The Decision to Fight

May 1, 1991

Liberal soothsayers, stunned temporarily by the success of Operation Desert Storm, have found a new theme. The “Vietnam Syndrome,” they now tell us, was a good thing. As they explain it, defeat in Indochina humbled the United States and curbed its urge toward military adventurism. The Gulf War restored our confidence, and that, they say, will lead to reckless or arrogant misuse of power.

This argument reeks of political desperation. No part of it is convincing. If the US acts with greater assurance in foreign policy, that is not necessarily a bad thing, and it does not necessarily mean the recreational invasion of Lower Slobovia.

By no stretch of the imagination did the Gulf War establish a precedent for the irresponsible use of power. In fact, it was the best example in a long time of when and how US troops should be committed to combat. As such, it is worth further consideration.

It is generally understood that a direct attack on the US or its treaty allies will provoke a military response, but in what other circumstances do we go to war? Stated policy is ambiguous. It says we will defend our vital national interests, but they are defined rather vaguely themselves.

For obvious reasons, the policy cannot be totally explicit. That would .tell an aggressor exactly how far he could push us without penalty. On the other hand, it is both possible and useful to explore some broad principles that bear on the decision to employ military force.

A good point of departure for such an exploration is the so-called “Weinberger Doctrine” of 1984, in which former Secretary of Defense Caspar W. Weinberger proposed a series of “tests to be applied when,we are weighing the use of US combat forces abroad”:

Is a vital national interest at stake? Are we willing to commit enough troops and resources to win? Will we sustain that commitment? Are the political and military objectives clearly defined? Is there reasonable expectation that the public and Congress will support the action? Have we tried other measures to achieve our objectives before sending forces into combat as a last resort

Unlike Vietnam, the Bay of Pigs, and the Desert One fiasco in Iran, the Persian Gulf War met all the conditions described in the Weinberger Doctrine. Persian Gulf resources had been defined as vital to the US since January 1980, when President Jimmy Carter pledged we would defend our interests there “by any means necessary, including military force.”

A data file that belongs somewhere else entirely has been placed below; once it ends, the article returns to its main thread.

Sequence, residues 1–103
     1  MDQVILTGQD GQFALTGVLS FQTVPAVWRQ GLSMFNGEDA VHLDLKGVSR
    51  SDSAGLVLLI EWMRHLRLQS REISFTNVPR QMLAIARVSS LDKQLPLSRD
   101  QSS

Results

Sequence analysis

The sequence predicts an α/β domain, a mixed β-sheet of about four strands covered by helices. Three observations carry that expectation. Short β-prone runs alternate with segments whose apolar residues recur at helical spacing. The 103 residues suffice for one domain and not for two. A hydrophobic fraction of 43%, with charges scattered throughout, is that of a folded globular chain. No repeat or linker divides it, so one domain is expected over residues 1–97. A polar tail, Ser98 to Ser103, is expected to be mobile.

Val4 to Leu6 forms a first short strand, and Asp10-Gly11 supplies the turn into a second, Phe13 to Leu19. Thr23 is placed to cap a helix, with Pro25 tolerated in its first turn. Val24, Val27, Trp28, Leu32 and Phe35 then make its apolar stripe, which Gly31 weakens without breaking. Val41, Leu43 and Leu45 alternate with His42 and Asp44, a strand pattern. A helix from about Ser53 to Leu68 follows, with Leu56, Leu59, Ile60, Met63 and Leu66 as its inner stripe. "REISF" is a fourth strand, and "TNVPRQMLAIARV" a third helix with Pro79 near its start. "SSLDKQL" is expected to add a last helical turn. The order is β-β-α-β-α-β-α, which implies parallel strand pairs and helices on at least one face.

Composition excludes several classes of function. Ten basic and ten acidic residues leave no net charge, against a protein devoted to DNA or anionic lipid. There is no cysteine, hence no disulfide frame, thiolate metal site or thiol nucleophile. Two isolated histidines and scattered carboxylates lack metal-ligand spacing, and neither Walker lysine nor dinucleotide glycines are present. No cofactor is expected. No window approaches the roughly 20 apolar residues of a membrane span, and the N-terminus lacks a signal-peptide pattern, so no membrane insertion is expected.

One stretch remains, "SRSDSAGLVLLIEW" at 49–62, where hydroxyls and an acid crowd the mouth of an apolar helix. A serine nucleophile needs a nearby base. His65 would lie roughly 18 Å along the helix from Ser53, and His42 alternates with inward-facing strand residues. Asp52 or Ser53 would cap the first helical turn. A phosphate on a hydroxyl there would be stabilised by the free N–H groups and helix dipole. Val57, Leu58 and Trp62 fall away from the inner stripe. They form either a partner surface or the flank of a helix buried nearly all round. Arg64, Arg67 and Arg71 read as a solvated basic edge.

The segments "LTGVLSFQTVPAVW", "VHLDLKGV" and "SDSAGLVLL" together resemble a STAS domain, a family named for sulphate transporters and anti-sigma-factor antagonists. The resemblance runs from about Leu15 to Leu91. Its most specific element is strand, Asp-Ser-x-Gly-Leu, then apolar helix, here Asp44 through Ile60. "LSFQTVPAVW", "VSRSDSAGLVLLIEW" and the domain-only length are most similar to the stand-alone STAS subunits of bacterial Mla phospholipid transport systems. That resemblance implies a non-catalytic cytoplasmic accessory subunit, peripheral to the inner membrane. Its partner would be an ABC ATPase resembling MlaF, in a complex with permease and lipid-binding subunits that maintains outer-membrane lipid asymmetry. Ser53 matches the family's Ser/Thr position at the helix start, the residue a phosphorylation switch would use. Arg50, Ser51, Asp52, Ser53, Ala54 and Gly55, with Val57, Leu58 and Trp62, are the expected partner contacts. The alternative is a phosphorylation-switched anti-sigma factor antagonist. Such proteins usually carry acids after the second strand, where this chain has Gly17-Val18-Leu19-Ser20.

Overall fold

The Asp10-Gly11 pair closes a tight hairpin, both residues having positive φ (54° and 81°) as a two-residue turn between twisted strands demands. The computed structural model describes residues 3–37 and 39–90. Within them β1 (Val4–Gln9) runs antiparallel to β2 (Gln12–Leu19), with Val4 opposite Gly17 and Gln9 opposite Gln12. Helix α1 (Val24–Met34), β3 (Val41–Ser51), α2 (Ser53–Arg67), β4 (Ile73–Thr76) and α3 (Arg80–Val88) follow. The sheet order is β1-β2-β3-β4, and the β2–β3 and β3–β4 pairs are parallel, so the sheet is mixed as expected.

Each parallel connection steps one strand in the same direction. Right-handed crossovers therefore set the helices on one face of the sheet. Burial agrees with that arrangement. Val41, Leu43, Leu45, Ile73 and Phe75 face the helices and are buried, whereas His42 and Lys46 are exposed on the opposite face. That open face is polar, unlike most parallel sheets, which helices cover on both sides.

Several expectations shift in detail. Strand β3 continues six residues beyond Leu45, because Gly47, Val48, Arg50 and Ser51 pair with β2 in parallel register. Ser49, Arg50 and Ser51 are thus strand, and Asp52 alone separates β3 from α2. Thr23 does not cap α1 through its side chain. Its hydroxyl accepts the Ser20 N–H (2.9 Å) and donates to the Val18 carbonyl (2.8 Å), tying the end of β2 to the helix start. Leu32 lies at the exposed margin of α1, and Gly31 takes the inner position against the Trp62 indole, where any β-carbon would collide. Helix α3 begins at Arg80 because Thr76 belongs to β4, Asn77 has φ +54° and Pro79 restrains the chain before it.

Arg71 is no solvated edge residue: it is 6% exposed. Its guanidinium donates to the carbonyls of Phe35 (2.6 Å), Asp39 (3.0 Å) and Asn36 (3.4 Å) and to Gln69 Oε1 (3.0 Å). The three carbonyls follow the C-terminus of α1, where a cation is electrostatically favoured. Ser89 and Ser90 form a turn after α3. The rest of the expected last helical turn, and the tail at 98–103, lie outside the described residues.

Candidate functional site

The Bush Administration spent almost six agonizing months trying to resolve the Gulf crisis by economic and diplomatic means.In contrast to the uncertain gradualism that characterized the Vietnam War, US forces began Operation Desert Storm with adequate strength to achieve the clear objectives assigned. The Gulf War not only had the support of public opinion and Congress but also had the backing of the international community.

To his eternal credit, President Bush kept political aides and amateur tacticians at bay and left battlefield decisions to the military professionals. A completely different approach was demonstrated by the Iraqi despot Saddam Hussein, whose mistakes included dressing up in a soldier suit and fantasizing himself as a general.

The Middle East situation was a clear-cut case of justifiable use of military force. Saddam, defiantly occupying Kuwait and looking ahead to his next move, was an unacceptable threat to regional stability and the global economy. If US and coalition forces had held back, Saddam would have been free to consolidate his power, add nuclear weapons, and press on from there.

Was there any alternative to war? Of course. There always is. It requires only that we concede to an aggressor whatever he wants. Those who carelessly subscribe to the “no alternative” standard should understand fully what it implies.

It is impossible to anticipate all the variations of conflict that might occur. Whatever the circumstances of the next crisis are, they will surely be different from those leading to the Persian Gulf War. The decision to commit troops to combat must be made case by case.

Basic principles can be worked out in peacetime, though, and it helps to study the examples of past wars. The President and his advisors were keenly aware of mistakes made in Vietnam and avoided repeating them in Operation Desert Storm. Their actions bespoke planning, not improvisation.

If the Gulf War set a new precedent for the exercise of power, the soothsayers can stop worrying about adventurism or indiscriminate involvements abroad.